This Crytojacking Malware ‘Enslaved’ 500,000 Computers to Mine Monero and Steal Users’ Data

Libra Coin News
Wed, 08/07/2019 - 13:14
Alex Dovbnya
Cryptocurrency mining malware is alive and well in 2019, taking an event more malicious form 
Cover image via 123rf.com
Contents

According to ZDNet, an advanced form of cryptojacking malware called Smominru has managed to infiltrate more than half a million computers to stealthily mine Monero, the most popular privacy coin.

To top that off, the malicious software is also able to harvest the victims’ access data, which marks another step in the evolution of illicit mining.

Cryptojacking and data theft

At first glance, Smominru’s modus operandi isn’t different from a plethora of other cryptojacking operations. After successfully wreaking havoc with the machine, bad actors use its CPU power to mine Monero and then transfer XMR to their wallets.

However, the malware also boasts a data-harvesting module to steal information that could be later sold on access marketplace. The Carbon Black researchers, who were cited by ZDNet, assume that hackers could profit off selling access to hijacked systems on the dark web.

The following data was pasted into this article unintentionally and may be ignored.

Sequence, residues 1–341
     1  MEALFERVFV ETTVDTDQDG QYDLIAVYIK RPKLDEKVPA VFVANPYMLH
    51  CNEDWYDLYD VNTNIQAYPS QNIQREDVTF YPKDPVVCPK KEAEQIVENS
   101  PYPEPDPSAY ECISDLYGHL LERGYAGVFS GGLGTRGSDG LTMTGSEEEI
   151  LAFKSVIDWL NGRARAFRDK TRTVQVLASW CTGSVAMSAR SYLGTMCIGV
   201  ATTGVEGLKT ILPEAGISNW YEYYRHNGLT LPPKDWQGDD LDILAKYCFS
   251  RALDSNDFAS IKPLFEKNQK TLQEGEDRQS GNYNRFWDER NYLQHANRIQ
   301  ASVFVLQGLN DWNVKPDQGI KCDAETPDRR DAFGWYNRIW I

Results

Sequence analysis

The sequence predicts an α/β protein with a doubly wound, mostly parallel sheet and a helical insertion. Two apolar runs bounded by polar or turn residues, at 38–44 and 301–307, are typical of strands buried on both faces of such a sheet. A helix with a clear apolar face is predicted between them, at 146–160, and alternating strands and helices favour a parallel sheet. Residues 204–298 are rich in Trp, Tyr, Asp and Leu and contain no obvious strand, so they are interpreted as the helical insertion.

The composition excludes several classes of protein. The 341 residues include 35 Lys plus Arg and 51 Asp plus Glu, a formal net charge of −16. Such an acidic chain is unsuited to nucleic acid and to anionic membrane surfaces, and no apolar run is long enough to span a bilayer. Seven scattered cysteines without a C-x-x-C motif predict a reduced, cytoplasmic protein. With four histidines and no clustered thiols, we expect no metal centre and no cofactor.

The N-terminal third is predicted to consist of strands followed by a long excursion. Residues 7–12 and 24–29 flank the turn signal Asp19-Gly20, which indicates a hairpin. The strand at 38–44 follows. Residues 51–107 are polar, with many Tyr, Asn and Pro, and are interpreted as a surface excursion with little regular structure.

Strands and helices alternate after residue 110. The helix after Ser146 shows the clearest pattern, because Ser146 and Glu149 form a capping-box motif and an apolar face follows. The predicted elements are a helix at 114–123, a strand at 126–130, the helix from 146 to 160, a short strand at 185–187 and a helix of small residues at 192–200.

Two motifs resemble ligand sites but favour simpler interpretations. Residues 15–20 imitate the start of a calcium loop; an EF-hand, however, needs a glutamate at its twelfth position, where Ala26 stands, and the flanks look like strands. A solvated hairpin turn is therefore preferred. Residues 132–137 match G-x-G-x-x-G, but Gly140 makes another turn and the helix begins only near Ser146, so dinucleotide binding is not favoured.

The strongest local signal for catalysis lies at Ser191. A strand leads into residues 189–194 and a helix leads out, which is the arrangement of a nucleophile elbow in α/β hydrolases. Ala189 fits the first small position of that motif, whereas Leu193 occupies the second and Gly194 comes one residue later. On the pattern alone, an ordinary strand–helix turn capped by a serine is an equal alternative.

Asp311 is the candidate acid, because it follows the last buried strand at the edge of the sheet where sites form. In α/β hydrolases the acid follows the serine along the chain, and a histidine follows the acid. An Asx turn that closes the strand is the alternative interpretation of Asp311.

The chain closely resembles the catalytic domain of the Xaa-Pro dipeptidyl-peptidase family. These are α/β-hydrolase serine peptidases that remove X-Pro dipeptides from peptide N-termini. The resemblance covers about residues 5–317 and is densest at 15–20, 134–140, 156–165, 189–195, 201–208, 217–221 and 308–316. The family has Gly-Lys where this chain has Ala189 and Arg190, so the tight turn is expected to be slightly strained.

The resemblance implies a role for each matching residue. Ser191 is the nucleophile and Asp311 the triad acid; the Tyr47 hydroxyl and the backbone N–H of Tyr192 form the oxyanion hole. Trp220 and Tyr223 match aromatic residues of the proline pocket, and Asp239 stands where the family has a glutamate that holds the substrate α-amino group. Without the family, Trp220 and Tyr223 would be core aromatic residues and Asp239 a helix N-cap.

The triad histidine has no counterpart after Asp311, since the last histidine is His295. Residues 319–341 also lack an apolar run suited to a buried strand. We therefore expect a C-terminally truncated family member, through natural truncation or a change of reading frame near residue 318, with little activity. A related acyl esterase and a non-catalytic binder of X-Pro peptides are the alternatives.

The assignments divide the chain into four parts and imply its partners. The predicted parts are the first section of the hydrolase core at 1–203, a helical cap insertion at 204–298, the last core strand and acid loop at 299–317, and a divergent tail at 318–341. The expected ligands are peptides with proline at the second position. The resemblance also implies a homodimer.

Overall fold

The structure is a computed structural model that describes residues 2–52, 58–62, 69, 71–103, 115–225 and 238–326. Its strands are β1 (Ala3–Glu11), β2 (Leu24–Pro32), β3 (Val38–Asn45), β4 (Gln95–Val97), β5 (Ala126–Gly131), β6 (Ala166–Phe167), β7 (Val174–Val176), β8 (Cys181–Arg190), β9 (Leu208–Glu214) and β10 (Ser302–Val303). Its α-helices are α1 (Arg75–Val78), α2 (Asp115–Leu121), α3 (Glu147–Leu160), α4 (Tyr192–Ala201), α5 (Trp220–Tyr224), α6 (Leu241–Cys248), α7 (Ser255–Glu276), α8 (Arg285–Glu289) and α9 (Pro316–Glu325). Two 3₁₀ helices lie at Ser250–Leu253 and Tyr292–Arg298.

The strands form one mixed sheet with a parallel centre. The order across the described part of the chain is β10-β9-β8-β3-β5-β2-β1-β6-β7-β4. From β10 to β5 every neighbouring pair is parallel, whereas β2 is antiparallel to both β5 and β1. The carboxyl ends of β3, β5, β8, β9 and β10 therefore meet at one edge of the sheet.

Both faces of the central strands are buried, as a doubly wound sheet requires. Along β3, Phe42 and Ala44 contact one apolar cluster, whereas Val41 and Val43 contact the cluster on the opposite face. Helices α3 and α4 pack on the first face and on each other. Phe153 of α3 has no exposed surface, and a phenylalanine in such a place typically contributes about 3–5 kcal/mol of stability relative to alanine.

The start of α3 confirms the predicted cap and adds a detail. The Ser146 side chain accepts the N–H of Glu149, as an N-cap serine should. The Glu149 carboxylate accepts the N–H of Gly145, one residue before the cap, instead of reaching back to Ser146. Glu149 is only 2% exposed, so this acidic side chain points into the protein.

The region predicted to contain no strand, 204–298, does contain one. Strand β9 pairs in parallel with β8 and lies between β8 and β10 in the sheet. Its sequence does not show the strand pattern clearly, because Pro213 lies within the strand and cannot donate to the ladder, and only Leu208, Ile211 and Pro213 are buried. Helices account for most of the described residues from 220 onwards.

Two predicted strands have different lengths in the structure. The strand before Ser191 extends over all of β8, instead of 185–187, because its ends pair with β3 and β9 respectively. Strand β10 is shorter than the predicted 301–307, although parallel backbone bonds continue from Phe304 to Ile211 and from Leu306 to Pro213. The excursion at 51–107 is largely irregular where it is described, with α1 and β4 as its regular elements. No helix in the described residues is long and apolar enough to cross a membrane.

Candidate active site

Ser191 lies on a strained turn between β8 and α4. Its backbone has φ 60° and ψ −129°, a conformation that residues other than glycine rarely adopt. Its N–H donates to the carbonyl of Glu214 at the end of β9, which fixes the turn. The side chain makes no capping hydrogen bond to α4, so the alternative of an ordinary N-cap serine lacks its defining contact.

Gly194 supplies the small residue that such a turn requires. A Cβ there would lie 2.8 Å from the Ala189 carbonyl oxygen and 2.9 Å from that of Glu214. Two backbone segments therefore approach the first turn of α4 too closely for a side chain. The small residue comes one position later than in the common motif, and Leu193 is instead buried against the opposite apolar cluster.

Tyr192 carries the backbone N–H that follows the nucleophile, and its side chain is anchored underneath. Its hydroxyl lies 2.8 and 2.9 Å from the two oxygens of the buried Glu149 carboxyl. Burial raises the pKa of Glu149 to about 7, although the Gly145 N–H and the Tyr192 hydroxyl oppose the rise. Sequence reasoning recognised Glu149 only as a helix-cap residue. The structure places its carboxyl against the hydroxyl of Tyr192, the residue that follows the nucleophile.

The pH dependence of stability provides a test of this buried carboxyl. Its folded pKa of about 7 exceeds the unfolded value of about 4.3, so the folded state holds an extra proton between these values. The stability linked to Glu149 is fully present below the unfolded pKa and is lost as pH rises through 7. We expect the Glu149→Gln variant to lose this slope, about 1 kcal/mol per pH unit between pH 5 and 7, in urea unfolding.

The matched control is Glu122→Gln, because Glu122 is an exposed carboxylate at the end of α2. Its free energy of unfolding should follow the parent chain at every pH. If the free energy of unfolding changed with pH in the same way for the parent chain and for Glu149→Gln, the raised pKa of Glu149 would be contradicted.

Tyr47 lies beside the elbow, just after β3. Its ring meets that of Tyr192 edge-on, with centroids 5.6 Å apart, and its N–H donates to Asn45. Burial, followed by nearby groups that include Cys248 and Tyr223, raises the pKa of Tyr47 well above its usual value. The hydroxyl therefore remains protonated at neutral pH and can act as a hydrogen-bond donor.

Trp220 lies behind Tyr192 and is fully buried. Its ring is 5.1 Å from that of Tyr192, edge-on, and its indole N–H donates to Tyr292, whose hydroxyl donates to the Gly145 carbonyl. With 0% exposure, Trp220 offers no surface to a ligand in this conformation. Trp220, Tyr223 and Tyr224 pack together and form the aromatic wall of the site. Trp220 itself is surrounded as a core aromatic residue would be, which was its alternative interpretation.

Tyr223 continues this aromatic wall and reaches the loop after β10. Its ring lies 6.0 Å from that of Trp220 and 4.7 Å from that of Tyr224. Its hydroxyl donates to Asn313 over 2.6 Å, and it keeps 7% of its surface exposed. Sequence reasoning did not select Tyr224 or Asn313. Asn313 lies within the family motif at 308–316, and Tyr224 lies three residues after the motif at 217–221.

Based on the specific system details they gathered, it is plausible this information could be sold on an access marketplace, allowing for remote access into these systems for use as zombies in large-scale attacks or to execute targeted attacks on specific hosts at specific companies.

The darling of hackers 

As reported by U.Today, Monero is responsible for more than four percent of Monero’s total circulation supply. The top altcoin coin is known for its ASIC-resistance, which means that it can be mined with the help of ‘good old’ CPUs and GPUs. Smominru hackers used a custom version of XMRig for that purpose.

About the author

Alex Dovbnya (aka AlexMorris) is a cryptocurrency expert, trader and journalist with an extensive experience of covering everything related to the burgeoning industry — from price analysis to Blockchain disruption. Alex authored more than 1,000 stories for U.Today, CryptoComes and other fintech media outlets. He’s particularly interested in regulatory trends around the globe that are shaping the future of digital assets.


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